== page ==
Why Barbells are Best for Aging AdultsTags: strength & health strength training for aging adults the barbell prescription
A Barbell a Day Keeps the Doctor Away
The words of Dr. Jonathan Sullivan…
“For 25 years I practiced emergency medicine in one of the busiest, hairiest Level 1 trauma centers in the United States. It was my calling and my privilege, and I wouldn’t trade those 25 years for anything.
But for virtually all of that time, I had to grapple with the horrible conviction that, for many of our patients, I was making beds in a burning house. I would find myself confronted by a very overweight, deconditioned 52 year-old, going on 70, with battered joints, atrophic muscles, no physiologic reserve, an inability to get off the gurney without groaning and wheezing, and a grim future. Often I would find no medical emergency, just what some of us call “diatensionolesity”—type II diabetes, hypertension, a screwed-up blood-lipid profile, and obesity. I knew I could probably address today’s symptoms or instability, but that my impact on their underlying condition and long-term prognosis would be close to zero.
By 2011, I had stumbled on a new form of medicine, and when I walked up to that same patient’s bedside, I would tell myself: if I could get you under a barbell, I could change your life.
I explored this perspective in an article entitled Barbell Training is Big Medicine, and the ideas laid out there have continued to develop and expand. In The Barbell Prescription, which I wrote with the Starting Strength Coach and Master Programmer Andy Baker, I explored this Big Medicine in detail. Let me tell you about it.
In the 21st century, we have the best opportunities for healthy aging in the history of the human species. And yet, this age of peace, plenty and leisure, with our fantastic medical technology, has seen an increase in a horrific form of unhealthy aging that I call the Sick Aging Phenotype. It includes diabetes, obesity, cardiovascular disease, frailty, and loss of independence.
This is a horrible way to get old. It robs us of opportunity, vitality, joy, dignity and hope—and it’s usually entirely preventable. That’s because, while the Sick Aging Phenotype can be promoted by genetics and environment, it is primarily a product of our lifestyle choices.
Sick aging is a tough nut once it gets underway, and to treat it, we need the most powerful medicine in the world—physical exercise. And we need the most powerful form of exercise medicine. As we show in The Barbell Prescription, that medicine is barbell training for strength.
Why? Because barbells check all the boxes.
Barbell training is incredibly safe—just normal human movement patterns on a stable surface, without weird positions or unpredictable forces, loaded ergonomically.
Barbells are exquisitely dose-able, more so than with any other form of exercise medicine, with precision loading and carefully prescribed sets, reps and frequencies.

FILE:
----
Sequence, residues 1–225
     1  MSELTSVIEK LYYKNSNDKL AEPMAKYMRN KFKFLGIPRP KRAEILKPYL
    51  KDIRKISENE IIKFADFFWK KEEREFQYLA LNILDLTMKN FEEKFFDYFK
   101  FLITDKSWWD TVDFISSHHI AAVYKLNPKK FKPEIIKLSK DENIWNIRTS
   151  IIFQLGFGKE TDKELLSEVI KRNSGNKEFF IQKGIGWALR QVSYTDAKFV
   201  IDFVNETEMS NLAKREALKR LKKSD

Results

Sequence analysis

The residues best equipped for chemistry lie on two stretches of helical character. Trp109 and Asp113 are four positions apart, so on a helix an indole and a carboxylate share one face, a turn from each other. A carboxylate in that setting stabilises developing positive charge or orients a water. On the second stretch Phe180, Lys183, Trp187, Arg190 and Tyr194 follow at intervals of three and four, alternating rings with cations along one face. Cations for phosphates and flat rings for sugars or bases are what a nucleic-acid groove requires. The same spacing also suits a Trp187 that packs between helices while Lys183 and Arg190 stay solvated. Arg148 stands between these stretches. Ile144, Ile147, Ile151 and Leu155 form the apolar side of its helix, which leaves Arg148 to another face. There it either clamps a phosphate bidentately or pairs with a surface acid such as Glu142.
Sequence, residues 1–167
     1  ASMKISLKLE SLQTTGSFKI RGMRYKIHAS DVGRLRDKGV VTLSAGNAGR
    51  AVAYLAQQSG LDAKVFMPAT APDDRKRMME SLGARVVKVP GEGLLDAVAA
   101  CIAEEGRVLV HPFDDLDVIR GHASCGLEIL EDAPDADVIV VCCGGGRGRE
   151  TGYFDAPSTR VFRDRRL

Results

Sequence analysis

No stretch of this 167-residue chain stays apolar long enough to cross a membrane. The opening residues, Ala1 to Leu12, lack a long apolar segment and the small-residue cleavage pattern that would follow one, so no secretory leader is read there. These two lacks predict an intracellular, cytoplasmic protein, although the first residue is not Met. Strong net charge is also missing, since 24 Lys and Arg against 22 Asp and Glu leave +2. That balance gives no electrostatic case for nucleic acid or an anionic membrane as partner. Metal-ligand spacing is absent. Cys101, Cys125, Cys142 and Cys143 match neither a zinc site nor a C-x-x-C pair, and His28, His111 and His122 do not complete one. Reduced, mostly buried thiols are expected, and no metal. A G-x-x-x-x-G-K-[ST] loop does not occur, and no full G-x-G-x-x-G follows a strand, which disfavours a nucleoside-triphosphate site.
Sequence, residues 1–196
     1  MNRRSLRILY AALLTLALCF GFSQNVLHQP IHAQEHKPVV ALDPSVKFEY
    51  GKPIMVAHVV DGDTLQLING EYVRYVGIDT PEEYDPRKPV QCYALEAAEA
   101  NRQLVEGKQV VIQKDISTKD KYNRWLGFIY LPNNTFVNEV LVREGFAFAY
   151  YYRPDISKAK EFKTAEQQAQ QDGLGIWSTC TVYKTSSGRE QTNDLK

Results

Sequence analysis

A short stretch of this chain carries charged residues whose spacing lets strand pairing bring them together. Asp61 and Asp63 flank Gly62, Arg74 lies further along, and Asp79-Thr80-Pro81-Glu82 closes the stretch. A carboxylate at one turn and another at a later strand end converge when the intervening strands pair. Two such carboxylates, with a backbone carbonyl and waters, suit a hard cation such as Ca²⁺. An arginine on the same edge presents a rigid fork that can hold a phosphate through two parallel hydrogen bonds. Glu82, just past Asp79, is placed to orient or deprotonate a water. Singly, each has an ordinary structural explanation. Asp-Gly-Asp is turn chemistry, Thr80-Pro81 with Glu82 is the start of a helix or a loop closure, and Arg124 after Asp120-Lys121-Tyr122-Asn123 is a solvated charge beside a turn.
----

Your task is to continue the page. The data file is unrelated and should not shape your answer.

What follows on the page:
Barbell training is comprehensive, hitting every fitness attribute: strength, power, mobility, endurance, balance, and body composition.
Barbell training is a specific medicine, beautifully targeted to the Sick Aging Phenotype. It fights diabetes, obesity, muscle loss, and bone loss, and increases our functional independence and resistance to illness and injury.
Finally, barbell training is simple and efficient. Just four simple exercises, two or three sessions a week, a three or four hour weekly commitment.
The barbell won’t reverse the arrow of time, but it WILL blunt it. Time always wins in the end. But there’s a mountain of scientific evidence that we can change the TRAJECTORY of decline. We can recover FUNCTIONAL years that would otherwise have been lost. This is what’s called the “compression of morbidity,” a shortening of the dysfunctional phase of the death process. Instead of slowly getting weaker and sicker over miserable years or even decades, we can squeeze our dying into a tiny sliver of our life cycle. Instead of slowly dwindling into a puddle of sick fat, our death can be like a failed last rep at the end of a final set of heavy squats. We CAN remain strong and vital well into our last years, before succumbing rapidly to whatever kills us. Strong to the end.
But it’s not like other medicines—it’s not just a pill you can pop or a procedure you can undergo. This medicine is on you. It’s hard work, and it requires time, effort, discipline, and a long-term commitment. But if you can bring those virtues to the platform, they will repay you a thousand-fold in renewed strength, vigor, health, confidence, and an entirely different perspective on what growing old can be.
So yes: If we can get you under the bar, we can change your life. The barbell can transform you from merely another aging adult into an Athlete of Aging—a Master’s Athlete.
That, my friends, is Big Medicine.”